One would think that, much like the population at large, writers’ personalities range from the loud, bold, and raucous bravado of Hemingway or Dorothy Parker to the undiagnosed agoraphobia of Emily Dickinson, with most falling somewhere in the middle. But to read Shy: An Anthology, one gets the impression that, within the bookish tribe, there is a much greater propensity for reticence, and a tendency toward introversion. (Granted, most writers, when they’re feeling particularly confessional, will tell you about the cold, sweaty, dizzy nausea brought on by a reading or book signing.) Perhaps since they bare so much of themselves on the page, shyness is an occupational hazard, a necessary mechanism for self-preservation.
The intimacy and honesty with which shyness, introversion, and attendant phobias, each different and debilitating, are revealed in Shy demonstrates unexpected bravery. Many – perhaps too many – of the entries harken back to the writer’s school days, marked by classrooms and locker rooms filled with the potential for humiliation and shame. But what’s particularly interesting is that, even though this collection of essays and poems is limited to a single personality trait, it is far from homogenous. And, like most anthologies, while the quality isn’t totally even, there are some gems.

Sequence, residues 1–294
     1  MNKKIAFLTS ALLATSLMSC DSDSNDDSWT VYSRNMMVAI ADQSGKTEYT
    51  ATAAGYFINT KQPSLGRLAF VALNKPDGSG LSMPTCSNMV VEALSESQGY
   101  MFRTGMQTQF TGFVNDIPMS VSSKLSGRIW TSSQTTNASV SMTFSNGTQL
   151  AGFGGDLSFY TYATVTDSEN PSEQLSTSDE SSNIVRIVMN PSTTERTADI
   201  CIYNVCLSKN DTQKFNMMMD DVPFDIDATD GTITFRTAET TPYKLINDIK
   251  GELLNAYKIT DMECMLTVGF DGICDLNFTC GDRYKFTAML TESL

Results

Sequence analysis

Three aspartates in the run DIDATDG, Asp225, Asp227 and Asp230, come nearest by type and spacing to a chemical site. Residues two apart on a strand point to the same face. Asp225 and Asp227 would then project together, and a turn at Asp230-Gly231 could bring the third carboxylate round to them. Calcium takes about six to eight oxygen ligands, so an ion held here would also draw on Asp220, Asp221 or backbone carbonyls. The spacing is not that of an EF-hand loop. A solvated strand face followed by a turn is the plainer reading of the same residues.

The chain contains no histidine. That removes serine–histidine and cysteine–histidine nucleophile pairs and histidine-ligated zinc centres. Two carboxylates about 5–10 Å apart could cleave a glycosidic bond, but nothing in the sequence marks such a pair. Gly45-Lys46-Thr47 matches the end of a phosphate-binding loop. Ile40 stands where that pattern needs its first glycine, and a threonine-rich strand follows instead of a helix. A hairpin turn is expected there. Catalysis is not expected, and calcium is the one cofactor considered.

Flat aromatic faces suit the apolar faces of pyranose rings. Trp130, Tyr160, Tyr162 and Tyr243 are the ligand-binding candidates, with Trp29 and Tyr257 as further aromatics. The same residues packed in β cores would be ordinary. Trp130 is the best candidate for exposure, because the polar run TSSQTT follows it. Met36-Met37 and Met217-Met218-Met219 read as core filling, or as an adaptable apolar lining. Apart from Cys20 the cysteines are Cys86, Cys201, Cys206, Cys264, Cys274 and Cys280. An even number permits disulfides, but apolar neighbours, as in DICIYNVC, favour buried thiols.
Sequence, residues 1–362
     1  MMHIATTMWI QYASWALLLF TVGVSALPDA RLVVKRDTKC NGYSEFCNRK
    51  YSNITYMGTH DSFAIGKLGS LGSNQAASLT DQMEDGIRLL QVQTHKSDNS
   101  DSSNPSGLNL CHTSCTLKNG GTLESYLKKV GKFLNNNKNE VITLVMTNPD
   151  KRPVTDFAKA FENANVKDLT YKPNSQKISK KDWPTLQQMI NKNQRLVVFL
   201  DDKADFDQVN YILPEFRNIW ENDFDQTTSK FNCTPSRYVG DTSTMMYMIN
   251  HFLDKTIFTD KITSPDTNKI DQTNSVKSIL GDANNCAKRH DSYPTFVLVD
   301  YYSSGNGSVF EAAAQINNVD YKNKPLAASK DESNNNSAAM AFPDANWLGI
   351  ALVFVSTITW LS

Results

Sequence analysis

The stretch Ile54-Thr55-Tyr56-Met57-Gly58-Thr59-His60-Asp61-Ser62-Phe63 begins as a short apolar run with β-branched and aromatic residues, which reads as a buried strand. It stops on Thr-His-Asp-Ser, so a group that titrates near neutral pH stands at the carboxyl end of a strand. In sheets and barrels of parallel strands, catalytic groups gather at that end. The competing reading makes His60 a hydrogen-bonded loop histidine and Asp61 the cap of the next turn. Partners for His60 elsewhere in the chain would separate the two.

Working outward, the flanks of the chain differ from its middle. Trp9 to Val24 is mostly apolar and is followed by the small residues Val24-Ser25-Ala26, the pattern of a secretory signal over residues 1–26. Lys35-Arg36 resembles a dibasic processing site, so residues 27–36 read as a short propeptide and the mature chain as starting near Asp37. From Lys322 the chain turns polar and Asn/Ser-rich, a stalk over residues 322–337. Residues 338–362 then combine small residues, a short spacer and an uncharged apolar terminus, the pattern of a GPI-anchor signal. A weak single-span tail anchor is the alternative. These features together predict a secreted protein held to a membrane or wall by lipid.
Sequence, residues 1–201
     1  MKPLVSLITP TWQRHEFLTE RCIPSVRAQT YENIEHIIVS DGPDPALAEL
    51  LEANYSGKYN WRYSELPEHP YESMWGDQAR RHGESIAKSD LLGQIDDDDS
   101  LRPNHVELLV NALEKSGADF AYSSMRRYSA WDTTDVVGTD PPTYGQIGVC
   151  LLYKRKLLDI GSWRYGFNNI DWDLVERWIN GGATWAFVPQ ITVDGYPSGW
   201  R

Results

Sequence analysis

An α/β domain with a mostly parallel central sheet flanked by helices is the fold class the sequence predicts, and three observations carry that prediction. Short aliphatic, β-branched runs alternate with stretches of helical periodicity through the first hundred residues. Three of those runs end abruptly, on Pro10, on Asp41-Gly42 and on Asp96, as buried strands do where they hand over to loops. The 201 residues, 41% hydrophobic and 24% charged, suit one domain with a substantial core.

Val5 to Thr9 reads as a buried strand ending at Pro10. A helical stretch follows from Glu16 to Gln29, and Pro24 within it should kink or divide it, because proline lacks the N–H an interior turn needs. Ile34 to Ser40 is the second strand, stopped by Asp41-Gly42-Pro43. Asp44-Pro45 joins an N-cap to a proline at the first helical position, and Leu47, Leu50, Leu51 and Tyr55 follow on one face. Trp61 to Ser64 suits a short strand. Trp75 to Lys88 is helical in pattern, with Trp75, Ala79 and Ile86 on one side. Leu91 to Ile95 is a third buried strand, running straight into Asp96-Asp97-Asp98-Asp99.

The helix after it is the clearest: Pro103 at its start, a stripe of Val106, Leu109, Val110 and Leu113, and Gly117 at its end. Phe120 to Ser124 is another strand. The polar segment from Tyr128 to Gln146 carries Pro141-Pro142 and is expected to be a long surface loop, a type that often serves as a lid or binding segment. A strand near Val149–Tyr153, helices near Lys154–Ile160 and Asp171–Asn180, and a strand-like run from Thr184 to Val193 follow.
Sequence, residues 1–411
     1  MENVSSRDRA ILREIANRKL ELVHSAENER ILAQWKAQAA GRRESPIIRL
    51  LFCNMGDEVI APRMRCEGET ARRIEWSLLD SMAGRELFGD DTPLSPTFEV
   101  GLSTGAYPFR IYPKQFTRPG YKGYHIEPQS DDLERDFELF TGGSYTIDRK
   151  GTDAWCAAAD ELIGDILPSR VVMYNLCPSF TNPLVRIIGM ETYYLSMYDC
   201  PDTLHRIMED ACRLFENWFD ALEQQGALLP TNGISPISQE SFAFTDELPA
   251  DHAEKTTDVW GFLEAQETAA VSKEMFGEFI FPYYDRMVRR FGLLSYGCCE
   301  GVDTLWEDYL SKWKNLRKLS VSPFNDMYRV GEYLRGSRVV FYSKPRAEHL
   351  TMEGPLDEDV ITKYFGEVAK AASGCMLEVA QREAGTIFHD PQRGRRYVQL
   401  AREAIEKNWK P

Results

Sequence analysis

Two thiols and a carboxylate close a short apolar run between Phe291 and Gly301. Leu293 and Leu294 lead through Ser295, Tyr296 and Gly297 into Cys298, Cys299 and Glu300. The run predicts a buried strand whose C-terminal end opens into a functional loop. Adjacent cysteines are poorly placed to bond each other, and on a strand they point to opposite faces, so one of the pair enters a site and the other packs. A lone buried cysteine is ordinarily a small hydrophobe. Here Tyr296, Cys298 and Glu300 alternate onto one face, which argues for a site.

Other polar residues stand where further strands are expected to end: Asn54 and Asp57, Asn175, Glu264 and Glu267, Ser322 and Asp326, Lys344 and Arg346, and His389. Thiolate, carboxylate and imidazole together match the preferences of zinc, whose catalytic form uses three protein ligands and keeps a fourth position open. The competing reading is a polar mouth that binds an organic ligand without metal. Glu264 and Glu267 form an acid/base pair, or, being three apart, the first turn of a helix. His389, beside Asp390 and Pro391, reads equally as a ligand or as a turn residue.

Outstanding contributions include Elizabeth Haynes’s “On Shyness and Stuttering” and Sylvia Stopforth’s “Creepmouse Manifesto,” which defends the shy against “angry extroverts” (readers will cheer Stopforth’s conclusion, her refusal to be “fixed”). There’s the knee-knocking fear inherent in Elizabeth Woo’s simple and lovely “I Couldn’t Reveal,” and the self-deprecating wit in Dhana Musil’s “Under the I.” Kerry Ryan’s “How to be shy” explores the difficulties posed by hugs, introductions, and parties, and there is dark humour in Janis Butler Holm’s “Are You an Introvert? Take This Simple Quiz.”
Shy readers will find kindred spirits and inspiration in the airing of emotions and attitudes normally kept locked inside. Less shy readers may come to better understand the occasionally incapacitating dread that is often mistaken for aloofness.